The Hard Choice: The Voice of the Parent of a Trans Teen
Being a parent is the craziest, hardest, funniest, scariest, job in the entire world. It is one of the most exciting yet daunting challenges to face adults in a world as we know it today.
For those who are brave enough to make a conscious choice to bring another human being into this world, parenthood is rewarding, for certain, yet not for the faint of heart. We agonize over the perfect name, the nursery décor, selecting god parents, whether to bottle or breast feed, what kind of child care, education, raw or organic, and on and on.
Having been a parent for more than 20 years, I am still amazed and inspired by my children and the ever-changing task before me – raising them to be happy, healthy, productive adults.
LOVE. When you sign on to be a parent you are agreeing to LOVE your child even when…
…they are late every morning and the bus doesn’t wait and you consistently are driving them to school in your robe and fuzzy slippers.
…they talk back to you.
…they leave wet towels on the carpet after every shower.
…they use up the family’s shared data plan two weeks into the plan month.
…they say day when you say night.
…they listen to “scream-o” music at bedtime and you wonder how anyone can sleep listening to that noise.
…they say blue is their favorite hair color right after you agreed to let him dye it orange.
…they tell you they “hate” you because you are the worst mother on earth.
…they are born with a birth defect.
…they are diagnosed with a learning disability.
…their impulsivity wreaks havoc on the family dynamics just when you are sitting down to dinner.
…they admit that their new love interest is “pansexual” and you have never heard that term before.
…they have the courage to come out to you as transgender.
SOUND OF TIRES SCREECHING TO A HALT.
Being a parent means loving your child unconditionally regardless of who they are. As human beings, we can no more choose to have mental illness, be a diabetic or identify as gay, lesbian or trans than we can choose what eye color we are born with.
Being transgender is no easy ride. Believe me, no one would choose this. You hate the way your body looks. Your brain’s view of who you are doesn’t match up with your visible, external parts. It is really, really difficult to come to terms with this and to accept the mix-up.
Trans individuals need to know that they are accepted and loved and supported; don’t you need that, too?
As a parent, I cannot imagine turning my back on my child because the hard-wiring in their brain is different. My child did not choose to be transgender. I CHOSE to be a parent.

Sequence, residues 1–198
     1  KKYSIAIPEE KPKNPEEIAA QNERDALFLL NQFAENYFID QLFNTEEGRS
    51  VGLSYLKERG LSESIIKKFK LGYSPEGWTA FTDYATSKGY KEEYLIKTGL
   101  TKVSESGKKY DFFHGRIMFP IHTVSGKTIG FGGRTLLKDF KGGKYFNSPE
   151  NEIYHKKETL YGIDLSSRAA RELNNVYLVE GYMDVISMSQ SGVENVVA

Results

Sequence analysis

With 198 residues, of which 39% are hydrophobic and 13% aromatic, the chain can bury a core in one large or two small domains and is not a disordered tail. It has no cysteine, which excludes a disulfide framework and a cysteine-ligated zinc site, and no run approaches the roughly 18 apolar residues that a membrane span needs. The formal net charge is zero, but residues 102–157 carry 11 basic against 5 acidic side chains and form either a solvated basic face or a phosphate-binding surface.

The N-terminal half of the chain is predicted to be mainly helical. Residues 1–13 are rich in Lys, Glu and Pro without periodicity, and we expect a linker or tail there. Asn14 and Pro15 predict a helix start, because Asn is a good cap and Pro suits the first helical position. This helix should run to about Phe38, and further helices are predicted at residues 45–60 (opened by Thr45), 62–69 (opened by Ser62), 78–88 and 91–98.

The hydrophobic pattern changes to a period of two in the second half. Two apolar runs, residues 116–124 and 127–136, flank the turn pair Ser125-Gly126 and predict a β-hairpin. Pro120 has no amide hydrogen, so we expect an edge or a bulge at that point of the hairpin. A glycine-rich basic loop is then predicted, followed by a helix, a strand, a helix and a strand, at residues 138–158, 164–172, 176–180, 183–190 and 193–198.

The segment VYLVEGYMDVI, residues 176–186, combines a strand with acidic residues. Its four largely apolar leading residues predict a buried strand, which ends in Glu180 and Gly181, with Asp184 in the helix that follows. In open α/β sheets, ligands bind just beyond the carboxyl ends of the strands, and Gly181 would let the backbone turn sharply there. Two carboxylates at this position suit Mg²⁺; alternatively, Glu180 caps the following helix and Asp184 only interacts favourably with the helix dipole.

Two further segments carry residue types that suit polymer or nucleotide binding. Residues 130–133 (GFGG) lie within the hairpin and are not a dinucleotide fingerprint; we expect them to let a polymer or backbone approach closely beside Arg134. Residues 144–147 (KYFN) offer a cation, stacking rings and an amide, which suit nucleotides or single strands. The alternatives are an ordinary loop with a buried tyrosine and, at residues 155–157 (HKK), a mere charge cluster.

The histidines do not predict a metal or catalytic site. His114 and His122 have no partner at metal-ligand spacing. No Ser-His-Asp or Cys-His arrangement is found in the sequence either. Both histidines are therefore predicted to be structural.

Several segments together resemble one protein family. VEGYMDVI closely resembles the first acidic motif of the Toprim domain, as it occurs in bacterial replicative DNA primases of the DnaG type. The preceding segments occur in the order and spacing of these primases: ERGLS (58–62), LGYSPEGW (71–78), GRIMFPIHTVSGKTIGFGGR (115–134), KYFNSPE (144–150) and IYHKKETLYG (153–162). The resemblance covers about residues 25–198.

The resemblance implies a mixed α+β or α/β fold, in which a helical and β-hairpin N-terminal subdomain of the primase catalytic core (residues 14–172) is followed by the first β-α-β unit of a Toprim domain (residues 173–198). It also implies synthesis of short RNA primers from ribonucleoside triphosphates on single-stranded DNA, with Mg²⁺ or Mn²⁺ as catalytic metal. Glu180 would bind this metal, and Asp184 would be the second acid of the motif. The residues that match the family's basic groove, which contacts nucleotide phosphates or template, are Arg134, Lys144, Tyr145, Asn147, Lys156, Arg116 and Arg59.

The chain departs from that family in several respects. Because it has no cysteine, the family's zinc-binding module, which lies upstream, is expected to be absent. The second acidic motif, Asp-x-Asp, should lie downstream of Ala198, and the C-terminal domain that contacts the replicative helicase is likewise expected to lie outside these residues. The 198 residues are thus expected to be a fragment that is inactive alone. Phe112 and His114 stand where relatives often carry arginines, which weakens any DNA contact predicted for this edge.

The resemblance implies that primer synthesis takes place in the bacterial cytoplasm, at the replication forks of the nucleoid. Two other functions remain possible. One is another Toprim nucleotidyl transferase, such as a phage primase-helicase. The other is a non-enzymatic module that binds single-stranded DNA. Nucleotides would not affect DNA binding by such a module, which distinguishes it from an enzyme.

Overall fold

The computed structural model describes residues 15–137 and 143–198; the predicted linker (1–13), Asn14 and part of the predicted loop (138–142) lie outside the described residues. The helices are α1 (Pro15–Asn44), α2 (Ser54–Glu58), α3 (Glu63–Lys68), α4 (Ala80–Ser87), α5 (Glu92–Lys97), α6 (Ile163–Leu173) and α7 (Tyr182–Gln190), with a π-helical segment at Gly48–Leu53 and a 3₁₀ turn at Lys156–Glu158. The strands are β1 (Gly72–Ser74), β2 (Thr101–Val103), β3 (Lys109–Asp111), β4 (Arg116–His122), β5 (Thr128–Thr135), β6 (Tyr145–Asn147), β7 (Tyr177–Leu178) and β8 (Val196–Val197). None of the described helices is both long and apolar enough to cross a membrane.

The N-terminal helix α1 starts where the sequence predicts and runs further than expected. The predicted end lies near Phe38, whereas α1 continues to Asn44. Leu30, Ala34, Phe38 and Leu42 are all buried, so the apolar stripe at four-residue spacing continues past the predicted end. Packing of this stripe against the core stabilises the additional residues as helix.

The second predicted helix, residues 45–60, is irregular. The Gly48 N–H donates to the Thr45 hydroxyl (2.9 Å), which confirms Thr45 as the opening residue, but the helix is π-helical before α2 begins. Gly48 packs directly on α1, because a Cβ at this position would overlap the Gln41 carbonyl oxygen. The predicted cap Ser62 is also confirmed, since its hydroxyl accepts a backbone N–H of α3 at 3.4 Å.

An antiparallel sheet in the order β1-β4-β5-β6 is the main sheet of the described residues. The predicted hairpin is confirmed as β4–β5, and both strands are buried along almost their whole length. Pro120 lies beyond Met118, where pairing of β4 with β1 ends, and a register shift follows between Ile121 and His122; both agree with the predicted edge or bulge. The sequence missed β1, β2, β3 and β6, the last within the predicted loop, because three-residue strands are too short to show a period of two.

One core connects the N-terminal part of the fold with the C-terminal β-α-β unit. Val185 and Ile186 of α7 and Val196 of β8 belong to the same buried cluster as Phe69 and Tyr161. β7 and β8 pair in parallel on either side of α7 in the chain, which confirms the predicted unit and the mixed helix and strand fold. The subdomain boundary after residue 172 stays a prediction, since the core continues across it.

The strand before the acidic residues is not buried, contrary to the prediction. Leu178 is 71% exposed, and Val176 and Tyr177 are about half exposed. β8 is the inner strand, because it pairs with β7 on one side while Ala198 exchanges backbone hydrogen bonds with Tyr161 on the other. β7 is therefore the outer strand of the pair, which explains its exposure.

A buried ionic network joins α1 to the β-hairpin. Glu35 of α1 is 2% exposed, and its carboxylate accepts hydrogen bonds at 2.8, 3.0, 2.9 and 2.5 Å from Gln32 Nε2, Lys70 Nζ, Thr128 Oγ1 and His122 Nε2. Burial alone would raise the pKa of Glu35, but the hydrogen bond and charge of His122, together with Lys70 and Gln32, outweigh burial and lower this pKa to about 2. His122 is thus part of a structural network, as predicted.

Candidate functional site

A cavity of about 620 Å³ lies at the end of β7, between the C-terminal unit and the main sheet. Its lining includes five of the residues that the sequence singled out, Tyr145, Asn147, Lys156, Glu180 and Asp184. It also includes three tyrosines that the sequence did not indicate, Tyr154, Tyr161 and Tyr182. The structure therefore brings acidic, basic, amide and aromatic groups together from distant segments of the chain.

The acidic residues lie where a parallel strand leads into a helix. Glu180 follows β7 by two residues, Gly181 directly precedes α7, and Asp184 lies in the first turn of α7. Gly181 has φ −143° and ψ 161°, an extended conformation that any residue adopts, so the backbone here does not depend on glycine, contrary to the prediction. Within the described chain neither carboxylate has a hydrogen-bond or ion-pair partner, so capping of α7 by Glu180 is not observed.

When I look at my son I see the most courageous, authentic individual I have ever known. He is a gift that is teaching me more about being a parent and being human than anyone possibly could.
Further Reading by Roz Keith on this subject: No Choice, Pro Choice, as well as other posts on her blog Call Him Hunter, “A blog for anyone who embraces diversity.”
Author Bio: Roz Keith
I am a wife, mother, sister, aunt, friend, advocate. Up until recently, I thought I was the mom to two daughters. Turns out I was wrong. I have a daughter and a son. My son is in the throes of transitioning to male. We are navigating the journey together and doing our best to spread awareness and ultimately acceptance regarding what it means to be transgender.
My son tells people that I “am obsessed” with all things trans. That’s not exactly true — in fact, not even remotely true. The fact is, however, that I am interested in educating myself and have jumped in feet first so that I can help my son be the best, authentic version of himself.
I love social media. I blog. I run a business. I struggle to stay fit. I like good food. I love my family. I am OBSESSED with my dog. I care about others. I would do anything for my children. I believe in community.
Judd SillsDecember 16, 2014 at 12:46 PM
What a wonderful article. Great reading for all parents of LGBTQI children. I certainly wish I was born 60 years later to have a chance at a parent with your insights into unconditional love and acceptance. Thanks so much!
EmmaDecember 16, 2014 at 1:42 PM
Your willingness to accept your child for their transgender nature is truly wonderful and deserves all the attention and admiration possible. You cannot possibly fathom how much your support probably means to your son, even if he doesn’t really say that or can’t really express it. I recently came out to my mother and it was by far the most difficult thing I have ever done. I was sick to my stomach with dread for days leading up to it and dealing with the consequences of that decision since has been very difficult. My mother is a kind and loving person, and she loves me very much, but my decision to embark on the journey of transition has pushed that love nearly to the breaking point, so I can only imagine the strength it took for you to not only accept your son, but to also support him.